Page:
Why UK Pensions Can’t Buy UK Infrastructure

Forward-thinking UK public funds want to invest in UK infrastructure, but claim the government is not yet on board.

The UK government is not yet acting on their stated intention to have the country’s public pensions invest in its infrastructure, according to local authority pension leaders.

“It’s surprisingly difficult to get a hearing in government around infrastructure.” —Mike Jensen, CIO, Lancashire Pension FundSpeaking at a National Association of Pension Funds (NAPF) conference in May, Lancashire County Council CIO Mike Jensen said he found the government’s lack of engagement with UK pensions “surprising” given previous statements from ministers.

“It’s surprisingly difficult to get a hearing in government around infrastructure,” Jensen said. “Given the noises they have made for a considerable time now, that has been quite surprising.”

NAPF Chief Executive Joanne Segars suggested that ministers saw public pensions “as a useful ATM” but had not done much to help pension funds benefit from privatisation of assets.

Last month, it emerged that Lancashire was among the bidders for the government’s £400 million ($612 million) stake in Eurostar, which runs trains between London, Paris, and Brussels. However, the stake was sold to Caisse de dépôt et placement du Québec for more than £750 million in March.

“We tried to persuade government that the idea of retaining that asset within the UK tax base had more value than just the price paid,” he said. “We didn’t get a favourable hearing on that. I think there should be mileage in that for a long term investor.”

Jensen said Canadian funds “have more or less had a stranglehold on UK infrastructure” since the government began selling assets. But he emphasised that the combined assets of the Local Government Pension Scheme (LGPS) was sufficiently large to compete with the Canadians and “to present ourselves to government and private infrastructure sellers as a viable alternative to external investors”.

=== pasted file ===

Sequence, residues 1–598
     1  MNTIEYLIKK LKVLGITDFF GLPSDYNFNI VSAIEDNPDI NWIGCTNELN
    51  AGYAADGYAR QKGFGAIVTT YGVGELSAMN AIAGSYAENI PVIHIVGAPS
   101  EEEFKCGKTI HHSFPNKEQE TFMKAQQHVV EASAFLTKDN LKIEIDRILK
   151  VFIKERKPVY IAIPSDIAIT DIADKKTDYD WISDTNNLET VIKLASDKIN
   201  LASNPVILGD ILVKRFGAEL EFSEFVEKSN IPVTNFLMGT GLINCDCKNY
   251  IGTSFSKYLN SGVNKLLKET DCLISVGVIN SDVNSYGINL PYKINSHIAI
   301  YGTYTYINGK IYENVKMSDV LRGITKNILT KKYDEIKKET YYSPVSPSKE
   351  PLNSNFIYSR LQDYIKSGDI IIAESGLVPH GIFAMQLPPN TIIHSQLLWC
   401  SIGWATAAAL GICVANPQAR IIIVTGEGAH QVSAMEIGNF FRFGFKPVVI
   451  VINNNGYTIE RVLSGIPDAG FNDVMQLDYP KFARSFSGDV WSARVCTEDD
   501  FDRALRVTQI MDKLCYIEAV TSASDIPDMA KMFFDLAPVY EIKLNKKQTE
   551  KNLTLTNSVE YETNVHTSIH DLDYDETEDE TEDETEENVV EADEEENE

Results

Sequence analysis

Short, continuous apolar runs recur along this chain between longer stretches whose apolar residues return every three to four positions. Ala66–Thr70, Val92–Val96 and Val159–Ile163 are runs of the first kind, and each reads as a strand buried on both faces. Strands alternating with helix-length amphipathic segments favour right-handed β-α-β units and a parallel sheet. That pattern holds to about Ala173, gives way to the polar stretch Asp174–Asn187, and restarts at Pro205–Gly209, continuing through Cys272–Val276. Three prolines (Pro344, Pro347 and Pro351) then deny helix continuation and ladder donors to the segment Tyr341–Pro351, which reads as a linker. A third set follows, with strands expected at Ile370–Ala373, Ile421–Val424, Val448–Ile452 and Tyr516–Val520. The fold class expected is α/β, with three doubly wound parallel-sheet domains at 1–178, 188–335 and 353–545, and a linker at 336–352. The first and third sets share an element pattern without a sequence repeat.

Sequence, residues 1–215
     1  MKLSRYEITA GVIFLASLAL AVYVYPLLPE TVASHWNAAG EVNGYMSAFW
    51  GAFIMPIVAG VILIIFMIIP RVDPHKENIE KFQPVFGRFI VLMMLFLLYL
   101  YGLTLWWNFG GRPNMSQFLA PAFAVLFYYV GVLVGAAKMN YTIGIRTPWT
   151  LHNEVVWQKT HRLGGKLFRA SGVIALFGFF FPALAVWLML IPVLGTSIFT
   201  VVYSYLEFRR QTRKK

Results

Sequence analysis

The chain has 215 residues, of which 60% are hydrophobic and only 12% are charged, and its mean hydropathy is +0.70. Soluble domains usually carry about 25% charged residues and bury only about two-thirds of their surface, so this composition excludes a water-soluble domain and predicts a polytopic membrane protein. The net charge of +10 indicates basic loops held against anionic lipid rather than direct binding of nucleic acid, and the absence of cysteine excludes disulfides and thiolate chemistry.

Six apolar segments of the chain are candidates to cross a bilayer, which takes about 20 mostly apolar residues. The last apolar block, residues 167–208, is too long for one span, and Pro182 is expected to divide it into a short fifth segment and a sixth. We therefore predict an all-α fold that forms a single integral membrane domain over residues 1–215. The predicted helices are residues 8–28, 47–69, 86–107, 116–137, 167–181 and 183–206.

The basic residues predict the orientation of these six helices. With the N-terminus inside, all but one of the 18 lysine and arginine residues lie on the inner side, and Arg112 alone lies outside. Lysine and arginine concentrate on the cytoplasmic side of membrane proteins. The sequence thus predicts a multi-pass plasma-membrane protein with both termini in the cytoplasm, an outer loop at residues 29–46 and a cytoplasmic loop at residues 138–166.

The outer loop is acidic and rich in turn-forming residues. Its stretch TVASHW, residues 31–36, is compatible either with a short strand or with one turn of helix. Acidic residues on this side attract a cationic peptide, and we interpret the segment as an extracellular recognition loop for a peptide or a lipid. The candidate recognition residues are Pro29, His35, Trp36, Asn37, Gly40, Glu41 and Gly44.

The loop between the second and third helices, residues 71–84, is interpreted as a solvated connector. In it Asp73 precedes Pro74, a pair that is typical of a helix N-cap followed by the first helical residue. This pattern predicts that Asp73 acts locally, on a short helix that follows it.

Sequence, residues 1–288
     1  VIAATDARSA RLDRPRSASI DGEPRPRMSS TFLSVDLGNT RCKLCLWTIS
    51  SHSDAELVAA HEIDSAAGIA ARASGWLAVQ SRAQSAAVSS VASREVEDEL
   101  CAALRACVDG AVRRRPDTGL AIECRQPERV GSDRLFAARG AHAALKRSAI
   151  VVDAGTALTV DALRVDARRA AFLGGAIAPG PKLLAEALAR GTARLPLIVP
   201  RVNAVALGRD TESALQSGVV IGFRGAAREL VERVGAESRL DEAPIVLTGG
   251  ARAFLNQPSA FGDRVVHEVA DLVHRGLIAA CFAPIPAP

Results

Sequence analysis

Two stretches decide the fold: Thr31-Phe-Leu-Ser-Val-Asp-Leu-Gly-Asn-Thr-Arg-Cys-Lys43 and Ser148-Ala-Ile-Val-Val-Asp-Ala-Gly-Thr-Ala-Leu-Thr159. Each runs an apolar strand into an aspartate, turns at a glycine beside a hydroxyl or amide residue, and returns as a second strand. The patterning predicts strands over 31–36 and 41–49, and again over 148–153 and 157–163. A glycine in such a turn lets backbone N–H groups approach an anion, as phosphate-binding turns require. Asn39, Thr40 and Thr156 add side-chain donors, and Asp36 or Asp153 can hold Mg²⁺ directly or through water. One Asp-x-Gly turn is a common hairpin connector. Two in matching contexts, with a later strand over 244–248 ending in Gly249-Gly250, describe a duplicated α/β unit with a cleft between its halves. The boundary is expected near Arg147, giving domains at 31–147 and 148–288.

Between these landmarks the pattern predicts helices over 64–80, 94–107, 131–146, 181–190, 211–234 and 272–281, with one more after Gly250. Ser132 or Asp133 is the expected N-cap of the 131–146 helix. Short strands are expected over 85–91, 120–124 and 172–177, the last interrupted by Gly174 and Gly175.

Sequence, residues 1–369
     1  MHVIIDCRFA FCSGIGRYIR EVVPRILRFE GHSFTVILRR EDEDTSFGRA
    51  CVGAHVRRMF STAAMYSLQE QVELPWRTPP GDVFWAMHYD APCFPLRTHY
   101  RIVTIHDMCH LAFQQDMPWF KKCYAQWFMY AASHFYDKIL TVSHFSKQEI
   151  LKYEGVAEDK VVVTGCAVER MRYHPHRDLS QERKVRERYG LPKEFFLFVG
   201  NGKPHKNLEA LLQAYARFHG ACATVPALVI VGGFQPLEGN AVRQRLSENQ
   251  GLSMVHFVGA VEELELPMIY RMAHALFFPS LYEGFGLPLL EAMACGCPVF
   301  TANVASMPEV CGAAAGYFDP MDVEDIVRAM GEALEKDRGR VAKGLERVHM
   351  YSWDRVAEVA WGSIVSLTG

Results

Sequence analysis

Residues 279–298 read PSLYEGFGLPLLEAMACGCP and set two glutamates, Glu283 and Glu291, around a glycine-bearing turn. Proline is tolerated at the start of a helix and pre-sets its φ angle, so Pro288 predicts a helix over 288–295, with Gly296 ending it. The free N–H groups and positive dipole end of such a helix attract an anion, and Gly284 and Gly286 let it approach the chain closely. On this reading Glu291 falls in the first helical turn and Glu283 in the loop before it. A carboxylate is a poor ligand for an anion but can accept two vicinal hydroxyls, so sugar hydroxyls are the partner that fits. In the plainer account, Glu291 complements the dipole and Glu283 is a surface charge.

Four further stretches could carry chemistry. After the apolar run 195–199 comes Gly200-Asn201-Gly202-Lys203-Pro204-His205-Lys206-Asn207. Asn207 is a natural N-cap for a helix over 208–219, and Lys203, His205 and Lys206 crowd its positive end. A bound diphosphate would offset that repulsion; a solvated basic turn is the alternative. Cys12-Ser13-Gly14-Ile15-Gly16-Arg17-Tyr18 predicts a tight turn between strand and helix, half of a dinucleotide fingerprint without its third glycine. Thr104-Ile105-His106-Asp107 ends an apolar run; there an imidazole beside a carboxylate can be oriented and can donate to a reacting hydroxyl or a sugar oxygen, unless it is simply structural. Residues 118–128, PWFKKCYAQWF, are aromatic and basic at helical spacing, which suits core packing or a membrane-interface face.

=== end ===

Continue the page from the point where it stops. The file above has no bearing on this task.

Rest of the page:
However, Chris Rule, CIO of the London Pension Fund Authority (LPFA), said public pensions needed to present—and represent— themselves better to ministers in order to gain traction in this area.

“When we talk about LGPS we can talk about a collective, but actually if one of those ministers wants to have a conversation, who do they speak to when they want to speak to us?” Rule said. “There are a number of different avenues they could go to. Finding a way we can engage on those levels is a challenge we all need to think about.”

In December, Lancashire and the LPFA announced plans to combine their resources and assets to create a £10 billion entity. While the partnership is still at a very early stage, Jensen stated that “the potential wins are so great that we should bust every gut to make it come to pass”.

Both Jensen and Rule added that, although the arrangement was not yet open to business, other investors would be welcome to join the partnership, both within the LGPS and externally.

Related Content: UK Pensions ‘Must Collaborate to Cut Deficits’ & A Public Pension Partnership: The Details